Once the stuff of science fiction, the possibility that humans could establish a permanent settlement on Mars now appears to be a genuine possibility. While doing so represents a major challenge and there are many hurdles that still need to be overcome, the challenge itself is inspiring some truly creative solutions. But what is especially interesting is how these same solutions can also address problems here on Earth.
This is especially clear where the Mars City Design Challenges are concerned. This annual competition was founded with the purpose of inspiring innovative ideas that could lead to sustainable living on Mars. For this year’s challenge, “Urban Farming for Extreme Environment,” Mars City Design and its founder (Vera Mulyani) are looking for designs that incorporate urban farming to support a colony of 100 people.
Continue reading “Ideas for Sustainable Cities and Urban Farming… on Mars?”
Welcome back to our series on Colonizing the Solar System! Today, we take a look at the largest asteroid/planetoid in the Main Belt – Ceres!
Between the orbits of Mars and Jupiter lies the Solar System’s Main Asteroid Belt. Within this region, it is estimated that there are over 150 million objects that measure 100 meters (330 ft) or more in diameter. The largest of these is the dwarf planet Ceres (aka. 1 Ceres), the only body in the Main Belt that is large enough – 940 km (585 mi) in diameter – to have undergone hydrostatic equilibrium (become spherical).
Because of its important location and the amenities this dwarf planet itself possesses, there are those who have proposed that we establish a colony on Ceres (and even some who’ve explored the idea of terraforming it). This could serve as a base for asteroid mining ventures as well as an outpost of human civilization, one which could facilitate the expansion of humanity farther out into the Solar System.
Continue reading “How Do We Colonize Ceres?”
Welcome back to our series on Colonizing the Solar System! Today, we take a look at that closest of celestial neighbors to Earth. That’s right, we’re taking a look at the Moon!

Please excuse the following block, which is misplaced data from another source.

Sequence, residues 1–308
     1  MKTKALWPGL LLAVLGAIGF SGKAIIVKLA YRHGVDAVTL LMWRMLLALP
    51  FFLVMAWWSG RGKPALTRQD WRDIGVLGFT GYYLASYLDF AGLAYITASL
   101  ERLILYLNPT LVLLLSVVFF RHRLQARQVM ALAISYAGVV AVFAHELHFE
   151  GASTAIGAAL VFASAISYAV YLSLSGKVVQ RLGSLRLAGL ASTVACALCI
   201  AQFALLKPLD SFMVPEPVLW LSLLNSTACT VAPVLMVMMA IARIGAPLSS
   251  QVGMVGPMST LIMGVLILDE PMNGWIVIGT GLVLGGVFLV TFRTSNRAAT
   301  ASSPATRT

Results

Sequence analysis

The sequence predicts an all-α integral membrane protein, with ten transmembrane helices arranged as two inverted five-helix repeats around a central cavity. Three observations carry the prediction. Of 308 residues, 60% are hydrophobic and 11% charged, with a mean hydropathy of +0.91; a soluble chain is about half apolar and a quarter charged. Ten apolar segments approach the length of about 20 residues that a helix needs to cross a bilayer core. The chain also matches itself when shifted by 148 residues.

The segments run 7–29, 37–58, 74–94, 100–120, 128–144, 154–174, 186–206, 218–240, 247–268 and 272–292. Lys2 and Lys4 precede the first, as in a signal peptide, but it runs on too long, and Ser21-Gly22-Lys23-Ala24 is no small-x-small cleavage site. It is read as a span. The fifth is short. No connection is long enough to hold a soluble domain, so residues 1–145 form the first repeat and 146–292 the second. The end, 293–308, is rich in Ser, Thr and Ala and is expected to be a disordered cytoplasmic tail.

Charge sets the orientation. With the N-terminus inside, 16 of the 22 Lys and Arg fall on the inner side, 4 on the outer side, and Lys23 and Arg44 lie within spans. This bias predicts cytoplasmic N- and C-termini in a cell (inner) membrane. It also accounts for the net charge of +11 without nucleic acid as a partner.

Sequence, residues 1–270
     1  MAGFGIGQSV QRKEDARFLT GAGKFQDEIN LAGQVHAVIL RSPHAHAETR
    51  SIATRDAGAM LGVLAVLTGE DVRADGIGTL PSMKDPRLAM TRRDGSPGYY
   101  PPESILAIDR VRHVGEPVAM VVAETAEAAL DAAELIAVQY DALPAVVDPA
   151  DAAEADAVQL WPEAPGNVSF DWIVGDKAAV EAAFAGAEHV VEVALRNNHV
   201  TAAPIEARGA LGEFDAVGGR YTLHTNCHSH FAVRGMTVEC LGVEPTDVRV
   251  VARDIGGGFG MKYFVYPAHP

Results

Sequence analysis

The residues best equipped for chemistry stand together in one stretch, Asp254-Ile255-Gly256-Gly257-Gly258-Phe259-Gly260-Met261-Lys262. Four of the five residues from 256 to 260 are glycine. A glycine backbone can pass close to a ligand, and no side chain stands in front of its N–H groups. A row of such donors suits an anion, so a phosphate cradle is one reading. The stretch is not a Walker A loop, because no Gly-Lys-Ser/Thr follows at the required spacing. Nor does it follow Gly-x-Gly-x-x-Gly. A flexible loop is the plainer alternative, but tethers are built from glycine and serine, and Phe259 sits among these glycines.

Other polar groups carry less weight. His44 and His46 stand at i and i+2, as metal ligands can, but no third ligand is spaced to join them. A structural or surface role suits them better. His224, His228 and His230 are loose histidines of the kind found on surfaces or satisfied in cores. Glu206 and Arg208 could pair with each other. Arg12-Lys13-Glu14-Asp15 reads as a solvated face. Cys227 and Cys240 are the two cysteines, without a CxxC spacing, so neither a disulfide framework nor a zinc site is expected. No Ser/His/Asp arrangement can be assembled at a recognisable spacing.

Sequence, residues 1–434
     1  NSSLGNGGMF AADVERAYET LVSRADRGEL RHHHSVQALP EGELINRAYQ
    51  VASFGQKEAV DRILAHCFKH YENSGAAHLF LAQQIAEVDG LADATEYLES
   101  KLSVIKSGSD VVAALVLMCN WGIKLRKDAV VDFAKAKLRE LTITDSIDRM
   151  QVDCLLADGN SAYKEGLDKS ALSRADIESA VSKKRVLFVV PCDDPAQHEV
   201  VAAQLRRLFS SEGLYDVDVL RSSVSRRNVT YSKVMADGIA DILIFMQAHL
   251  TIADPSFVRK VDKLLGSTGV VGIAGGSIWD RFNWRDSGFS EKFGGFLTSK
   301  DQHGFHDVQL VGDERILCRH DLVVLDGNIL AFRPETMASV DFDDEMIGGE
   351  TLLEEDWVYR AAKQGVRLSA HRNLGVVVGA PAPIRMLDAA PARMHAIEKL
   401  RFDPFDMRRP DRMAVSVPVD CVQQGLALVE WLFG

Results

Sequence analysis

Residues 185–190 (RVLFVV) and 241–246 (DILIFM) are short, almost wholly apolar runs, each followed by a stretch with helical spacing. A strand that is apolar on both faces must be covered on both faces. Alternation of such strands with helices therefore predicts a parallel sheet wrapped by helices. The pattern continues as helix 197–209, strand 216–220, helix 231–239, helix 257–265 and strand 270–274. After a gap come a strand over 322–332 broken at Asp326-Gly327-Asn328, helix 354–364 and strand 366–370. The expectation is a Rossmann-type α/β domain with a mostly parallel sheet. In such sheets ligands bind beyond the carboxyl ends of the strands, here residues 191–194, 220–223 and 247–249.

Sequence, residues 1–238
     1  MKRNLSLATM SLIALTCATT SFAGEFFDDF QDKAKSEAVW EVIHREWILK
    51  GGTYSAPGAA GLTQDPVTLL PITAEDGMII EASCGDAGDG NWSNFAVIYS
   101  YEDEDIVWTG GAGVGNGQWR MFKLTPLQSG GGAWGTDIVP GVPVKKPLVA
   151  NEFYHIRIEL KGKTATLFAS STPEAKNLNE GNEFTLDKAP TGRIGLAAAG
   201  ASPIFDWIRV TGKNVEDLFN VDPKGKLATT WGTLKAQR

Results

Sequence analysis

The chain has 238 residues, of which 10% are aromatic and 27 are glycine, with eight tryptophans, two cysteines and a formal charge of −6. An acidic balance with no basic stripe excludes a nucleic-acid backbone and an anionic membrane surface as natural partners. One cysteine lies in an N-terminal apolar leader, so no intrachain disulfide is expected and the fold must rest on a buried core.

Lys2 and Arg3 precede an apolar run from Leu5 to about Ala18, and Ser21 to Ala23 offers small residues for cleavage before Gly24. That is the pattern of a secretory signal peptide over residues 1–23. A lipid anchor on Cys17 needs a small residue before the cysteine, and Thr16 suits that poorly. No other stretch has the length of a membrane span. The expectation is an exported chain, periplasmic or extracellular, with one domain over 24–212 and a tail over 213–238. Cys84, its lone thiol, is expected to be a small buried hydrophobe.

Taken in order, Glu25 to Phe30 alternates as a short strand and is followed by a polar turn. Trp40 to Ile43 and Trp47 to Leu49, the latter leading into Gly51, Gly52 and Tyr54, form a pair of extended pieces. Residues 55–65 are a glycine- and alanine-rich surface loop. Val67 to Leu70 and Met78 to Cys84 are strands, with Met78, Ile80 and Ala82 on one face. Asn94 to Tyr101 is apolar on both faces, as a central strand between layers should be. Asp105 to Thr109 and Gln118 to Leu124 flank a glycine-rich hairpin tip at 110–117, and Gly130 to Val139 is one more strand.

Chances are, we’ve all heard about it more than once in our lifetimes and even have some thoughts of our own on the subject. But for space agencies around the world, futurists, and private aerospace companies, the idea of colonizing the Moon is not a question of “if”, but “when” and “how”. For some, establishing a permanent human presence on the Moon is a matter of destiny while for others, it’s a matter of survival.
Not surprisingly, plans for establishing a human settlement predate both the Moon Landing and the Space Race. In the past few decades, many of these plansa have been dusted off and updated thanks to plans for a renewed era of lunar exploration. So what would it take to establish a permanent human presence on the Moon, when could it happen, and are we up to that challenge?
Continue reading “How Do We Colonize the Moon?”
There is no doubt that our world is in the midst of a climate crisis. Between increasing levels of carbon dioxide in our atmosphere, rising temperatures and sea levels, ocean acidification, species extinctions, waste production, diminishing supplies of fresh water, drought, severe weather, and all of the resulting fallout, the “Anthropocene” is not shaping up too well.
It is little wonder then why luminaries like Stephen Hawking, Buzz Aldrin, and Elon Musk believe that we must look off-world to ensure our survival. However, there are those who caution that in so doing, humans will simply shift our burdens onto new locations. Addressing this possibility, two distinguished researchers recently published a paper where they suggest that we should set aside “wilderness” spaces” in our Solar System today.
Continue reading “Most of the Solar System Should be a Protected Wilderness. One-Eighth Left for Mining and Resource Exploitation”
There’s no two-ways about it, the Universe is an extremely big place! And thanks to the limitations placed upon us by Special Relativity, traveling to even the closest star systems could take millennia. As we addressed in a previous article, the estimated travel time to the nearest star system (Alpha Centauri) could take anywhere from 19,000 to 81,000 years using conventional methods.
For this reason, many theorists have recommended that humanity should rely on generation ships to spread the seed of humanity among the stars. Naturally, such a project presents many challenges, not the least of which is how large a spacecraft would need to be to sustain a multi-generational crew. In a new study, a team of international scientists addressed this very question and determined that a lot of interior space would be needed!
Continue reading “How Big Would a Generation Ship Need to be to Keep a Crew of 500 Alive for the Journey to Another Star?”